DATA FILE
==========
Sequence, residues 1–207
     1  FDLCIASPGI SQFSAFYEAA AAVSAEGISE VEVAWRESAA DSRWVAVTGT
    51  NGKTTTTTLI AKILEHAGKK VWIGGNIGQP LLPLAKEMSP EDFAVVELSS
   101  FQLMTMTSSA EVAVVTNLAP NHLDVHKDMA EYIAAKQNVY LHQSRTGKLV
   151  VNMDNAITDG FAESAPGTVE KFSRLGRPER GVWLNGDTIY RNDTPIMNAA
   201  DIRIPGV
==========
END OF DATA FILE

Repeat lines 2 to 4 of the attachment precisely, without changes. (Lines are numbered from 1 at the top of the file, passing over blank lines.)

     1  FDLCIASPGI SQFSAFYEAA AAVSAEGISE VEVAWRESAA DSRWVAVTGT
    51  NGKTTTTTLI AKILEHAGKK VWIGGNIGQP LLPLAKEMSP EDFAVVELSS
   101  FQLMTMTSSA EVAVVTNLAP NHLDVHKDMA EYIAAKQNVY LHQSRTGKLV